Wild Dog Numbers as of July 2020
I started following the wild dogs when I began guiding in Mana in 1997 and have been guiding full seasons every year since then in Mana Pools. The numbers of wild dogs in Mana Pools National Park as of July 2020, based on reports that I have received from other guides and camps, is 90 wild dogs, based on these reports:
- 35 wild dogs sighted in the South-eastern section of Mana-Nyamawani. The wild dogs certainly use Chewore; for many years there has been a big pack in central Chewore.
- 16 sighted on the southern Boundary Road,
- Pack of 6 or 7 reported by Kavinga Camp,
- 13 were sighted by me, one month ago near Kanga camp. We are calling it the Dandawa pack.
- 9 adults and 7pups in the Nyakasanga pack,
- 3 adults in Ilala pack plus new pups.
Dr Norman Monks study (2008), Warden and Ecologist, shows that approximately 50% of Mana Pools’ lions and hyenas live along the flood plain. Bearing in mind that the flood plain is only about 10% of Mana Pools National Park and that the lion population in Mana is about 110 lions. The area in which the Nyamatusi pack of wild dogs lived – the floodplain area of the Nyamatusi Wilderness area, is known for its lions. There is currently a mega pride of over 25 lions in the area today. We have frequently found the aftermath of lions killing wild dogs time and time again: a wild dog carcass full of bite marks and lion tracks around the carcass or seeing lions with little wild dog pups in their mouths.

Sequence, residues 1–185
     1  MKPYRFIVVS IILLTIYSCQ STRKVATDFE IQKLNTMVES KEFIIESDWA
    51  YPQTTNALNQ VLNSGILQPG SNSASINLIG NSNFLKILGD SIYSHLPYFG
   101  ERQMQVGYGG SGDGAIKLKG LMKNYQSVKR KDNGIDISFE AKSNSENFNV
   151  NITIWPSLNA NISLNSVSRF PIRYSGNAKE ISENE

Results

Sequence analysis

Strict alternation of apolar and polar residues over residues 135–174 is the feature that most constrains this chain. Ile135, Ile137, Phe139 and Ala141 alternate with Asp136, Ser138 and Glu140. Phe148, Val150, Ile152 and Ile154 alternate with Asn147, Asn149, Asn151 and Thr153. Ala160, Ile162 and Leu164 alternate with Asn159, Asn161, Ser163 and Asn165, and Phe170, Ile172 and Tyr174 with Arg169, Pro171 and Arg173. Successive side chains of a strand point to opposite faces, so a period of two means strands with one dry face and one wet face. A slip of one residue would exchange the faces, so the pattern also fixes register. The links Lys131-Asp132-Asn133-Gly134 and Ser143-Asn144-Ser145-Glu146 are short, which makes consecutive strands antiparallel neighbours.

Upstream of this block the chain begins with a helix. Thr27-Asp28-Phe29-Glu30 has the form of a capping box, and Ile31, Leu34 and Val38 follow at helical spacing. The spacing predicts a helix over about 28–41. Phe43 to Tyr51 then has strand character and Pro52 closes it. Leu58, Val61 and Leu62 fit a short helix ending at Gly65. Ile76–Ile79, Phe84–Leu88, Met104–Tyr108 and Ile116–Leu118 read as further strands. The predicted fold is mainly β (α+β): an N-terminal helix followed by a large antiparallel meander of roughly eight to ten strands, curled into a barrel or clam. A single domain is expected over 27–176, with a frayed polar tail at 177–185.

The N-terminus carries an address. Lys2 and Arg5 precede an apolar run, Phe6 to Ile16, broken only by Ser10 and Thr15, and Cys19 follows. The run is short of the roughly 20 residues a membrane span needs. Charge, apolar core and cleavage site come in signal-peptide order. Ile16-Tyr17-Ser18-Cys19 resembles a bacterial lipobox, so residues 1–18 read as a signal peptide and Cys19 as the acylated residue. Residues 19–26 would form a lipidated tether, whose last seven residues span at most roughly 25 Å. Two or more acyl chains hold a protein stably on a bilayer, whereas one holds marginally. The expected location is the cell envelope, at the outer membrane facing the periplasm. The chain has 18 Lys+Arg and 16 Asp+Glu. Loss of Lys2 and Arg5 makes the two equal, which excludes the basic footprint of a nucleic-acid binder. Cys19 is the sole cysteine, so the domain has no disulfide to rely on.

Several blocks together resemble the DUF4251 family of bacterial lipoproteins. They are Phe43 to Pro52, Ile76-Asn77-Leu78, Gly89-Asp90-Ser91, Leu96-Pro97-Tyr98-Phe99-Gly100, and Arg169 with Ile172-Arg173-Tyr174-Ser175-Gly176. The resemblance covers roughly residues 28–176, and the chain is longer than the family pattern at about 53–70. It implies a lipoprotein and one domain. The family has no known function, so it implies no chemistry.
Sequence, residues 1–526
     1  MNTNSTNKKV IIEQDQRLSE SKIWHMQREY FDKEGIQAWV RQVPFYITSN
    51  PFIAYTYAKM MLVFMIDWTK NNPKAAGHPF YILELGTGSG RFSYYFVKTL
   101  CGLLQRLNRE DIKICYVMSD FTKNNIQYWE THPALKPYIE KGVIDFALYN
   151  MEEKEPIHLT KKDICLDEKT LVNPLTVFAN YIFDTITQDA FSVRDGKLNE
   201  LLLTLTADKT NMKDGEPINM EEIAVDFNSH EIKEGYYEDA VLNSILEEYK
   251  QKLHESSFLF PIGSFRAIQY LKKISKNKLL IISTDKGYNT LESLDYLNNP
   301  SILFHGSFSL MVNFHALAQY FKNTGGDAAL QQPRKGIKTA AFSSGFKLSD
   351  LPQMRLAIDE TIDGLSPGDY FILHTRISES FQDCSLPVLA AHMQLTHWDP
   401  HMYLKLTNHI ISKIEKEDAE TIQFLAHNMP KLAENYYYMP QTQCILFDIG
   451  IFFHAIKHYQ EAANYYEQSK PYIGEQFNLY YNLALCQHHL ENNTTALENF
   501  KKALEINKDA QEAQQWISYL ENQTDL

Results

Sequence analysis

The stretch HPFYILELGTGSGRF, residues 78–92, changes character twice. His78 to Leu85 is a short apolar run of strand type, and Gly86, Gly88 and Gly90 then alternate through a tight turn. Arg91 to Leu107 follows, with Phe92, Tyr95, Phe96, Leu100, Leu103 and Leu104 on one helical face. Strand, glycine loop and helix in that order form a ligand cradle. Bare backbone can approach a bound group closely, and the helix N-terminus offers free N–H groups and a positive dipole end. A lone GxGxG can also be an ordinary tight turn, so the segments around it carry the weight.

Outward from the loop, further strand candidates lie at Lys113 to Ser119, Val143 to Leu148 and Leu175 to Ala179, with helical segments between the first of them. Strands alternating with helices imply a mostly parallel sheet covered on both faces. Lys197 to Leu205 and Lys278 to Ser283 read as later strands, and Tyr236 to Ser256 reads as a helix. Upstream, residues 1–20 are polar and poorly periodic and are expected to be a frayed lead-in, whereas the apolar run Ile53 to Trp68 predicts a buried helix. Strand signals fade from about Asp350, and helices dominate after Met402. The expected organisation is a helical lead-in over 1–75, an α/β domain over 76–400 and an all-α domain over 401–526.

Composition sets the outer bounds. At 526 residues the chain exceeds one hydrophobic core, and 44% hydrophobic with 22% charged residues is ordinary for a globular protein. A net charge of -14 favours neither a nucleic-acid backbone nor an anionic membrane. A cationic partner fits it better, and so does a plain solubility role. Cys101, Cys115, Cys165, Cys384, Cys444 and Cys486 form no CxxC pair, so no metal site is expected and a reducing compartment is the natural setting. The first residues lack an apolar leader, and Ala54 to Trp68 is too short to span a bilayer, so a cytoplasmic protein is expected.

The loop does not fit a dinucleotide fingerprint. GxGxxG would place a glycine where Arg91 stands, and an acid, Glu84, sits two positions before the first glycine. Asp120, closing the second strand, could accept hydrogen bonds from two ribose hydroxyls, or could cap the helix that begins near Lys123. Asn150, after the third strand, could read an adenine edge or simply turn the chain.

Predator pressure is tremendous and unrelenting on wild dogs. The recent ZimParks Carnivore Research Project will collect data so that ZimParks ecologists can develop solutions for management that affect the carnivore population.
For the long-time-Mana-goers, you will remember the early 90s when wild dogs were a rare occurrence. The wild dogs made their appearance in the early 90s and did very well and built their numbers up to a pinnacle of 3 packs using the floodplain area and this lasted for about 15 years. It should also be noted that the lion numbers were low in the time that the wild dog numbers built up. Between Vundu and Nyampei we could go for a couple of weeks without seeing a lion. Prime habitat for wild dogs. This started changing when 2 lionesses were introduced from the Matusadona area after being caught in snares. One lioness, Catherine, changed the population status of the lions in central Mana for many years with her prolific production of cubs (Monks 2008). She lived to a ripe old age of 17 years.